\ ˈfām How to pronounce fame (audio) \

Definition of fame

 (Entry 1 of 2)

1a : public estimation : reputation
b : popular acclaim : renown
2 archaic : rumor


famed; faming

Definition of fame (Entry 2 of 2)

transitive verb

1 archaic : report, repute
2 : to make famous

Synonyms & Antonyms for fame

Synonyms: Noun

Antonyms: Noun

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Examples of fame in a Sentence

Noun He died at the height of his fame. The book tells the story of her sudden rise to fame. He gained fame as an actor. She went to Hollywood seeking fame and fortune.
Recent Examples on the Web: Noun Marjorie Tallchief danced for presidents, twirled the world over and leaped to global fame, achieving so much success in the ballet world that her native Oklahomans honored her with a bronze statue. Washington Post, 3 May 2022 Netflix's The Tinder Swindler catapulted Simon Leviev to international fame for all the wrong reasons. Amy Mackelden, ELLE, 30 Apr. 2022 Much like the rapid rise to national fame of Watergate whistleblower Martha Mitchell (played in the upcoming series Gaslit by Julia Roberts), Betty’s honesty and refreshing refusal to walk the party line was galvanizing. Mark Peikert, Town & Country, 21 Apr. 2022 Palin skyrocketed to national fame when she was picked to be then-Sen. Libby Casey, Anchorage Daily News, 16 Apr. 2022 After signing with Young Money Entertainment in 2009, Nicki Minaj was quickly propelled to international fame. Kyra Aurelia Alessandrini, Essence, 17 Mar. 2022 Arnaz is said to have chafed at Ball’s fame at the time, but their mutual admiration comes through loud and clear. Brian Lowry, CNN, 4 Mar. 2022 Within a few months, he was jailed, released, elevated to international fame, granted a Profile in Courage Award, and nominated for a Nobel Peace Prize. Andrew Marantz, The New Yorker, 16 Feb. 2022 The win at the 2018 Olympics, and her effervescent personality, catapulted her to international fame. Mark Osborne, ABC News, 9 Feb. 2022 Recent Examples on the Web: Verb The D’Amelio sisters, who rose to fame on TikTok, will again go head-to-head in various challenges that test their bravery, athleticism and ingenuity while their squad of famous friends judge from the sidelines. Todd Spangler, Variety, 3 May 2022 Players who rose to fame in the league included Satchel Paige, snapped by a Times photographer at a 1943 game, above. Los Angeles Times, 3 May 2022 But at an event that also featured Christina Bobb, who rose to fame as a far-right media personality during Arizona’s 2021 ballot review, election integrity was top of mind as well. Yvonne Wingett Sanchez, The Arizona Republic, 30 Apr. 2022 On today's episode, an emotional Kim tells mom Kris Jenner and sister Khloé Kardashian that West got the rest of the footage from her home movie with ex Ray J, which catapulted her to fame in 2007. Rosa Sanchez, Harper's BAZAAR, 28 Apr. 2022 Victoria Beckham, who rose to fame as Posh Spice from the popular ‘90s British pop group The Spice Girls, grew up wealthy. cleveland, 23 Apr. 2022 Grenier, who rose to fame playing glib skirt-chaser Vincent Chase, couldn’t be farther from that character in real life. J. George Gorant, Robb Report, 18 Apr. 2022 Apfel, a former interior designer who rose to fame late in life after decorating the White House under various administrations with her husband, liked the idea of bringing her signature eclecticism to a wider audience. Vogue, 14 Apr. 2022 The artist, whose legal name is Nathaniel Glover, rose to fame in the early 1980s as an original member of landmark hip-hop collective Grandmaster Flash and the Furious Five. Victoria Bekiempis, Rolling Stone, 7 Apr. 2022 See More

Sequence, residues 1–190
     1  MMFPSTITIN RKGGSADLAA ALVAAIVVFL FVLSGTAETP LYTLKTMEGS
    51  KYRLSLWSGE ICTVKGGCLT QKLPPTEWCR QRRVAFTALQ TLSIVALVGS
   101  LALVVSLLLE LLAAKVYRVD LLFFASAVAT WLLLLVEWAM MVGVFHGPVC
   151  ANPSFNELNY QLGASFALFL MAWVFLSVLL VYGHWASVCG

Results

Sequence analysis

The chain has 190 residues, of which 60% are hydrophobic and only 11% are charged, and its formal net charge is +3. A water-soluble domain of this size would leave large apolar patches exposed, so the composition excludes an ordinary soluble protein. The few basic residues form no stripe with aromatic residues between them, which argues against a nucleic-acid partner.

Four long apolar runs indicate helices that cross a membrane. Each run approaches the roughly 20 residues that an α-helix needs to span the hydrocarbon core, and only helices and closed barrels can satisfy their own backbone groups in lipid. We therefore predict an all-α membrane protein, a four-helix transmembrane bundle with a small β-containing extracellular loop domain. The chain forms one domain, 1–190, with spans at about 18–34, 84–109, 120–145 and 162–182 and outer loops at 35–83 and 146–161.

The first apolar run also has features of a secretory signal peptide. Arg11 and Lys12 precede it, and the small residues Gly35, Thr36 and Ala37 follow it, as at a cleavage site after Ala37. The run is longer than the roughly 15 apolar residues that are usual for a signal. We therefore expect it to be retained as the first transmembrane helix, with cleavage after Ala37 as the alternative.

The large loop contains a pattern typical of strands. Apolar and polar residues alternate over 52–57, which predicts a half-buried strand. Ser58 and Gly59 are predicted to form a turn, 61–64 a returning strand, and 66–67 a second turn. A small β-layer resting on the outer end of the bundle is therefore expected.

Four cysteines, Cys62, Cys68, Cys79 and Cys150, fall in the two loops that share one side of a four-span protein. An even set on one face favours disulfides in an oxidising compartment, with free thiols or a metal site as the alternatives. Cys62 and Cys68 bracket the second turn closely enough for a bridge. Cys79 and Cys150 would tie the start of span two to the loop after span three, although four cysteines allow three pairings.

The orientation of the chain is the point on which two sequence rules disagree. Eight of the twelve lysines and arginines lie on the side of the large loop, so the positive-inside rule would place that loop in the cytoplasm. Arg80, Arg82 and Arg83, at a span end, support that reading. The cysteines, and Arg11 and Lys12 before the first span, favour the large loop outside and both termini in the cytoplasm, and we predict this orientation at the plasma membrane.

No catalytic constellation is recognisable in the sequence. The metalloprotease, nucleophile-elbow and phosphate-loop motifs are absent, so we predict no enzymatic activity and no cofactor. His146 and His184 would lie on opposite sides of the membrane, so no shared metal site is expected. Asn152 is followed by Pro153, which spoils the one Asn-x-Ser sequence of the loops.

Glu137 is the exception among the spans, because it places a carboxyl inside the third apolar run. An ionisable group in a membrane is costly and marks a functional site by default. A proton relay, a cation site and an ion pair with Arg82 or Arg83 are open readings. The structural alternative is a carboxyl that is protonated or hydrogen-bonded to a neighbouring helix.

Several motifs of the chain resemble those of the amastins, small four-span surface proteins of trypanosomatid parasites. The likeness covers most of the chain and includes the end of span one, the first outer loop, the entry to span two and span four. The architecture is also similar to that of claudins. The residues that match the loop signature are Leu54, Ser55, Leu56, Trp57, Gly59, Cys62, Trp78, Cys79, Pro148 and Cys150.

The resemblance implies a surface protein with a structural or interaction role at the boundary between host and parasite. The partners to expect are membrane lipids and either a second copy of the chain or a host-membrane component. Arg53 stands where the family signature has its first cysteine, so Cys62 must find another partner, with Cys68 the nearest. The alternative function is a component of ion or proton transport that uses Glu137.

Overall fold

These example sentences are selected automatically from various online news sources to reflect current usage of the word 'fame.' Views expressed in the examples do not represent the opinion of Merriam-Webster or its editors. Send us feedback.

First Known Use of fame


13th century, in the meaning defined at sense 1a


14th century, in the meaning defined at sense 1

History and Etymology for fame


Middle English, from Anglo-French, from Latin fama report, fame; akin to Latin fari to speak — more at ban entry 1

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The first known use of fame was in the 13th century

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Last Updated

11 May 2022

Cite this Entry

“Fame.” Merriam-Webster.com Dictionary, Merriam-Webster, https://www.merriam-webster.com/dictionary/fame. Accessed 22 May. 2022.

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More Definitions for fame


\ ˈfām How to pronounce fame (audio) \

Kids Definition of fame

: the fact or condition of being known or recognized by many people

More from Merriam-Webster on fame

Nglish: Translation of fame for Spanish Speakers

Britannica English: Translation of fame for Arabic Speakers


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